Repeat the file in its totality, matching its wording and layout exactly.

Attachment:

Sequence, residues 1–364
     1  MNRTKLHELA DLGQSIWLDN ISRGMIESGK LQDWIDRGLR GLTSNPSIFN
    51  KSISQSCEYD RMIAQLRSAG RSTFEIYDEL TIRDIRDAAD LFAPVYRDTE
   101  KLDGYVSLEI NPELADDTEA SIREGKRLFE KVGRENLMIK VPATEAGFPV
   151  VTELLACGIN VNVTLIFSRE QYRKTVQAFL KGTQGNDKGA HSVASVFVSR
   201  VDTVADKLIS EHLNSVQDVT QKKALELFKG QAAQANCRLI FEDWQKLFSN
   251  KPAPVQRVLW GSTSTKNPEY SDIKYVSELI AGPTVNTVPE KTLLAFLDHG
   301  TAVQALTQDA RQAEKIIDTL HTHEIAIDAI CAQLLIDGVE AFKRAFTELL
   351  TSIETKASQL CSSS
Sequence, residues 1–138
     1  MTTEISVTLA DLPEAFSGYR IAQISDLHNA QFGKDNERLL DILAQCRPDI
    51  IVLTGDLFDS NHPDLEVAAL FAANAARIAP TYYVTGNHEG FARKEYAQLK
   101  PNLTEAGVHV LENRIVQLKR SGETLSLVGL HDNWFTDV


Sequence, residues 1–364
     1  MNRTKLHELA DLGQSIWLDN ISRGMIESGK LQDWIDRGLR GLTSNPSIFN
    51  KSISQSCEYD RMIAQLRSAG RSTFEIYDEL TIRDIRDAAD LFAPVYRDTE
   101  KLDGYVSLEI NPELADDTEA SIREGKRLFE KVGRENLMIK VPATEAGFPV
   151  VTELLACGIN VNVTLIFSRE QYRKTVQAFL KGTQGNDKGA HSVASVFVSR
   201  VDTVADKLIS EHLNSVQDVT QKKALELFKG QAAQANCRLI FEDWQKLFSN
   251  KPAPVQRVLW GSTSTKNPEY SDIKYVSELI AGPTVNTVPE KTLLAFLDHG
   301  TAVQALTQDA RQAEKIIDTL HTHEIAIDAI CAQLLIDGVE AFKRAFTELL
   351  TSIETKASQL CSSS
Sequence, residues 1–138
     1  MTTEISVTLA DLPEAFSGYR IAQISDLHNA QFGKDNERLL DILAQCRPDI
    51  IVLTGDLFDS NHPDLEVAAL FAANAARIAP TYYVTGNHEG FARKEYAQLK
   101  PNLTEAGVHV LENRIVQLKR SGETLSLVGL HDNWFTDV